This is the second in a series of articles which aims to demystify the topic of technology transfer and give you valuable insight into its key elements. Whether you are just setting out to conduct R&D in collaboration with a third party, or are exploring a business opportunity such as licensing-in someone else’s technology or licensing-out your own technology, it will be vital to manage the flow of confidential information, including any know-how or trade secrets, in order to mitigate the twin risks of knowledge leakage and knowledge contamination. (more…)
Today we have a guest post from David Knight of Field Fisher Waterhouse LLP on the Shanks v Unilever case and the issue of employee compensation. This article first appeared on the SnIPpets IP blog and is reproduced here with the permission of the author.
Three years have passed since we reported on the appeal on an interim point in the case of Shanks v Unilever, a case relating to Professor Shanks’ (a former employee of Unilever) right to compensation as an inventor of patents of outstanding benefit. (The patents related to a capillary action measuring device which has now found large scale use in home diagnostic kits for diabetes.)
Amazingly the case continues to rumble on, and the High Court (Arnold J) has recently issued a Judgment on appeal from the UK Intellectual Property Office (UKIPO) on the substantive part of the case.
By way of reminder, section 41 of the UK Patents Act provides that an employee inventor may be entitled to compensation if two conditions are satisfied:
- that the patent is of “outstanding benefit to the employer”; and if so
- that it “is just” that he should be awarded compensation.
Once these requirements are fulfilled the employee should receive such a fair share of the benefit the employer has derived, or may be expected to derive from the patent or the invention.
The case was brought in the UKIPO which, together with the courts, has jurisdiction to hear cases relating to employee compensation. After a marathon nine day hearing at the UKIPO, including three expert witnesses, the Hearing Officer decided that:-
- the benefit of the patents to Unilever was £24.5m;
- the benefit was not outstanding;
- but had the benefit been outstanding, Professor Shanks’ fair share would be 5%.
Professor Shanks appealed the second and third point above; Unilever appealed against the first and third point. Many issues were thrown up by the parties in support of their respective appeals; we comment below on those that are more likely to have general relevance in other employee compensation cases. (more…)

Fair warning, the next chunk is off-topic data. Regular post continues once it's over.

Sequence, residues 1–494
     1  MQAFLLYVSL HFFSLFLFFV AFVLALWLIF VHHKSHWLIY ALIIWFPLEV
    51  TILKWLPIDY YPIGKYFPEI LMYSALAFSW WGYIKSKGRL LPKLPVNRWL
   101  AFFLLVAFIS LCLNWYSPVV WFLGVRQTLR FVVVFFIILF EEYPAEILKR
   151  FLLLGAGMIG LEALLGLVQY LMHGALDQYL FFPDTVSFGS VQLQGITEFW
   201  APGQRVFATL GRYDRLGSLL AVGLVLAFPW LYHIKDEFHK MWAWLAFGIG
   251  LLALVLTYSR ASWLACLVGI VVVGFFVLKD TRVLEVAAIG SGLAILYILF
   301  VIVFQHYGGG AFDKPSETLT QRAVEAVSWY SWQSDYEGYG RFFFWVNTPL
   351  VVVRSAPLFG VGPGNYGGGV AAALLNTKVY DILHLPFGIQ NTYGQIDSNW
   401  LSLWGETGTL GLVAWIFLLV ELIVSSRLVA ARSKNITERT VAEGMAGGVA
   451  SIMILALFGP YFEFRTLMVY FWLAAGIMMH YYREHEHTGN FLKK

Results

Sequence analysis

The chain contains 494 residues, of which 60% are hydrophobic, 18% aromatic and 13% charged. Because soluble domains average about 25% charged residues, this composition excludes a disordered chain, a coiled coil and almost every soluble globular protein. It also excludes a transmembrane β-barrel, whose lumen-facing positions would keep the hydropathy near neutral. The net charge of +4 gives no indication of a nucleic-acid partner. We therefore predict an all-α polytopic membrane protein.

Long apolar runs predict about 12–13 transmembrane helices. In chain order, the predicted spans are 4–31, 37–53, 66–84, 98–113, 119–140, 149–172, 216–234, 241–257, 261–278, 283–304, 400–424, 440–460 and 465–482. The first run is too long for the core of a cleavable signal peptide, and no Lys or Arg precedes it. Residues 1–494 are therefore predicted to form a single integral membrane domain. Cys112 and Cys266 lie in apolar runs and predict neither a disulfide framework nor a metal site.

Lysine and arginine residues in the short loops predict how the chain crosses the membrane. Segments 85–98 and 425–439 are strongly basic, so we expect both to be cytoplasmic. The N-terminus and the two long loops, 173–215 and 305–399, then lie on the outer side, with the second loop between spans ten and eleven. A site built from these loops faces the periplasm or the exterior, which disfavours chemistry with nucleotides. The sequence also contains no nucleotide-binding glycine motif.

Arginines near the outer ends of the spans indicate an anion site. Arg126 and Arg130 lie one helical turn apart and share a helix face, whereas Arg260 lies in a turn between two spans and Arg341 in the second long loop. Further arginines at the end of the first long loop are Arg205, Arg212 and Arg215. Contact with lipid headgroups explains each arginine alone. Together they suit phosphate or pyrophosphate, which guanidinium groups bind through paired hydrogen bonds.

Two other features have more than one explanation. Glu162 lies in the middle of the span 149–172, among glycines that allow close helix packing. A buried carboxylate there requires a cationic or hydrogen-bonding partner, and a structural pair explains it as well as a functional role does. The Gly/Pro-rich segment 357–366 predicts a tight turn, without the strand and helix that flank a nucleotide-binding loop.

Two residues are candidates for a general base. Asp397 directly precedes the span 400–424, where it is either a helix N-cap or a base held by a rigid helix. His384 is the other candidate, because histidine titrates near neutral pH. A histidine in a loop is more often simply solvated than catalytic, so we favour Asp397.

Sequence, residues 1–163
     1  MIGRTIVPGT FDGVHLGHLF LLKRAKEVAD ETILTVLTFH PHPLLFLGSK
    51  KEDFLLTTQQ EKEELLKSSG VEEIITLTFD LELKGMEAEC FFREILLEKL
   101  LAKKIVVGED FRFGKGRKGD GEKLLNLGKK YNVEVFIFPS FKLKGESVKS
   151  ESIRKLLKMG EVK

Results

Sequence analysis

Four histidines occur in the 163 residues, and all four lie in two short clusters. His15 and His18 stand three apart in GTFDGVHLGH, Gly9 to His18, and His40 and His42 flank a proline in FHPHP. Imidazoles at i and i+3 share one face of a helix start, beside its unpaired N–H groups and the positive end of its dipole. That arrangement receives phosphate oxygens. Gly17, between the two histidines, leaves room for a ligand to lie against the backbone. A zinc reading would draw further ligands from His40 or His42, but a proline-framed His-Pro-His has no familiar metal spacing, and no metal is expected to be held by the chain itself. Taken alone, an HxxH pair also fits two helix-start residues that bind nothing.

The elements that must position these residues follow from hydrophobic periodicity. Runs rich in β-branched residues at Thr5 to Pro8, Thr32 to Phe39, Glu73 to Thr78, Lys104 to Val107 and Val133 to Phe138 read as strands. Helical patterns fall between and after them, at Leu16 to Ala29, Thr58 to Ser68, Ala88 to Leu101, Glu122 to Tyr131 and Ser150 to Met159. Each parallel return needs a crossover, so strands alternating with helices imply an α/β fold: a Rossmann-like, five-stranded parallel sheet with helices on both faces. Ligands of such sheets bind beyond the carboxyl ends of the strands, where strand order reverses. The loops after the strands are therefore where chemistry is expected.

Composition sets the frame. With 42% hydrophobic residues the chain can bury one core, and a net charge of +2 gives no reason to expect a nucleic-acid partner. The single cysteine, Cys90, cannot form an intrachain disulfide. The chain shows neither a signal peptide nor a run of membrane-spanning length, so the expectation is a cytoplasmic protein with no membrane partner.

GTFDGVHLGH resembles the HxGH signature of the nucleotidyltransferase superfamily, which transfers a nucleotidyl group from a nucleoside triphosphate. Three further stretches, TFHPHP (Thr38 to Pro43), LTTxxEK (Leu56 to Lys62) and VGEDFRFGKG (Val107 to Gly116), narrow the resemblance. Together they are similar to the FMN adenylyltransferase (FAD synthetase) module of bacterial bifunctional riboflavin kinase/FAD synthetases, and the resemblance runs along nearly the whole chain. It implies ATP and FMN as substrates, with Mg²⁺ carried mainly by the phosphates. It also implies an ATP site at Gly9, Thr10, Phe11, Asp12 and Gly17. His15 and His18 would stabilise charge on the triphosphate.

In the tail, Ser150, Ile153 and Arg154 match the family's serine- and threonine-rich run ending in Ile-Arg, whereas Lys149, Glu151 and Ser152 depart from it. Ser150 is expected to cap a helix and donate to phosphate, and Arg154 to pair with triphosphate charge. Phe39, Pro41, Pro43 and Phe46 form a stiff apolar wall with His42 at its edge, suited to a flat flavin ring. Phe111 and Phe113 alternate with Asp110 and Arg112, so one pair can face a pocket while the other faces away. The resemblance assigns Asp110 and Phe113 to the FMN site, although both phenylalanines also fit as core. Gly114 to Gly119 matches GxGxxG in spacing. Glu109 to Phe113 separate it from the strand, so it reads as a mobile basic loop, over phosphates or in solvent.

Things in unitary patent preparation land are beginning to slow down a little as we head into the summer season. Things will no doubt pick up again in the autumn but in the meantime here’s some nuggets of news to keep you going. (more…)
During a session of the recent “Unitary patent and Unified patent court” seminar held in Paris, Jerome Debrulle (Chair EPO Select Committee) indicated that the Select Committee had approved the rules that will be used to administer the unitary patent. IPcopy had not seen a copy of these rules at the time of our conference review post but now, thanks to reader Hans van Tongeren, we have been pointed towards what appears to be the latest version of the rules, which can be found on the Bristows website here.
The EPO’s rules document runs to over 80 pages and there is also a 40+ page Annex which highlights the changes from the previous version of the rules. An overview of the structure of the rules document is provided below along with some “highlights” from the rules themselves.
Are USPTO Examiners beginning to issue blanket “Alice” objections against software patent applications? How should such patent applications be presented? How might this develop going forward? And, what should we be doing (if anything) to address it?
An eagle-eyed colleague here at Keltie (thank you Peter Kent) spotted a discussion online last week that suggested that, in the wake of the Alice v CLS Bank decision from the Supremes, Examiners at the USPTO might be beginning to issue blanket objections under 35 U.S.C. 101 to patent applications containing software-implemented inventions.
IPcopy reached out to William Jividen at Dinsmore & Shohl LLP in the US to see if this was the case. The discussion below has been distilled from Bill’s comments and other comments seen online. Any mistakes or inaccuracies may be attributed solely to me!